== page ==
Françoise Baylis reviews some of the proposed changes to public funding of IVF in Quebec and explains why these changes will not increase the multiple pregnancy rate.
In August 2010, the province of Quebec began public funding of IVF. Insured services included the transfer of one or two embryos in women 36 years of age or under, and the transfer of up to 3 embryos (including no more than two blastocyst stage embryos) in women 37 years of age or over. Predictably, these regulations resulted in a dramatic reduction in the number of multiple pregnancies in the province (from 27.2% in 2009 to 5.2% in 2013).
Four years later, the Quebec government is now looking to radically revamp its IVF program (see here and here). On November 28, 2014, the government tabled Bill 20, An Act to enact the Act to promote access to family medicine and specialized medicine services and to amend various legislative provisions relating to assisted procreation. Bill 20 replaces public funding of IVF under the provincial health insurance plan with a sliding scale of tax credits. At one end of the spectrum, families earning less than $50,000 a year will be eligible for an 80% tax credit. At the other end of the spectrum, families earning more than $120,000 a year will be eligible for a 20% tax credit. Bill 20 also limits the number of embryos that may be transferred into a woman per cycle. Single embryo transfer will be mandated for women under 37, while women between the ages of 37-42 will be eligible for double embryo transfer.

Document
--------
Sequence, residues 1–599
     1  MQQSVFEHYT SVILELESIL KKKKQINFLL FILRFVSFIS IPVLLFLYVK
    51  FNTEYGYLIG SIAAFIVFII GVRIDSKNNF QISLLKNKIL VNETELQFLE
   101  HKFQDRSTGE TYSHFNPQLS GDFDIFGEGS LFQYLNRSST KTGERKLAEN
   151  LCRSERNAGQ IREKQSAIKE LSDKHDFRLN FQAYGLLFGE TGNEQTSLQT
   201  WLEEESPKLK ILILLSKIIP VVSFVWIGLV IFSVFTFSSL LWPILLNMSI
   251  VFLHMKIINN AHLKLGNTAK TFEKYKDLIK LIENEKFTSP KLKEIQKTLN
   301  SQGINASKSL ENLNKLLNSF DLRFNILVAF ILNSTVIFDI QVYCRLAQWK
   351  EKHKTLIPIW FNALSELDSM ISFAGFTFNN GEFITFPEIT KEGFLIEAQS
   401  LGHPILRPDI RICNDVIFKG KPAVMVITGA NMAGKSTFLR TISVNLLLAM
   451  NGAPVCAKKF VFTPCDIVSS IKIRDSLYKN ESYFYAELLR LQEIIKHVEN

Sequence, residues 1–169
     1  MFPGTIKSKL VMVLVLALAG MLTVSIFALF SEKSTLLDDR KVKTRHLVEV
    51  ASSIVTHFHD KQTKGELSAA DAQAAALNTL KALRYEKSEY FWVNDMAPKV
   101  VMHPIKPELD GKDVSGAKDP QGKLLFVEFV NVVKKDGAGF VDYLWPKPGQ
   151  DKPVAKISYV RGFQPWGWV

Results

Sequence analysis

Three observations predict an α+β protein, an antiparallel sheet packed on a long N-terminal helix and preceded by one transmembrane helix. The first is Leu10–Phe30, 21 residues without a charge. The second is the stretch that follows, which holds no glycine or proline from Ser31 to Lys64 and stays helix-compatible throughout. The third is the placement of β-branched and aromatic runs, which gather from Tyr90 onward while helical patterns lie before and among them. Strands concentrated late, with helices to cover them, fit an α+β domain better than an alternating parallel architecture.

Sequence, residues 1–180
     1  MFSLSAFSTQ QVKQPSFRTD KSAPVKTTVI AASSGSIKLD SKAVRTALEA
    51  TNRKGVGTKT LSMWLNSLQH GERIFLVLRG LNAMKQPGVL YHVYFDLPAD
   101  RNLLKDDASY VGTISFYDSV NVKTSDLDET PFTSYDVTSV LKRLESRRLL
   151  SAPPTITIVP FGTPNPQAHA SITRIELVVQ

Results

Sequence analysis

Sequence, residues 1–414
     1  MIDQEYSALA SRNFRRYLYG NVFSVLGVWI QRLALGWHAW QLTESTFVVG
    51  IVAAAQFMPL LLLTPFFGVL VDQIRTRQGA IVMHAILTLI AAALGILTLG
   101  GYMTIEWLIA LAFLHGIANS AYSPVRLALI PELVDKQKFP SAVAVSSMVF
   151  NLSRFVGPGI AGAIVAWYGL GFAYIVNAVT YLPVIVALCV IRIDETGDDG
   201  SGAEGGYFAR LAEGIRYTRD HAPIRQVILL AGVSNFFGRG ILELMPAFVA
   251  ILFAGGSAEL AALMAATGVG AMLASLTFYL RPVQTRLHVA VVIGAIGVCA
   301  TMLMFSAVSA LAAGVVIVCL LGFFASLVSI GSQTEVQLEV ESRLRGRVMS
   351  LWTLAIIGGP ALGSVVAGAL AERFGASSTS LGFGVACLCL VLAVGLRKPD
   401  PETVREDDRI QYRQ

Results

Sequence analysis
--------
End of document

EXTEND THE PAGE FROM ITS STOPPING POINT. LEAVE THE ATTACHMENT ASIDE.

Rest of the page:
The views, opinions and positions expressed by these authors and blogs are theirs and do not necessarily represent that of the Bioethics Research Library and Kennedy Institute of Ethics or Georgetown University.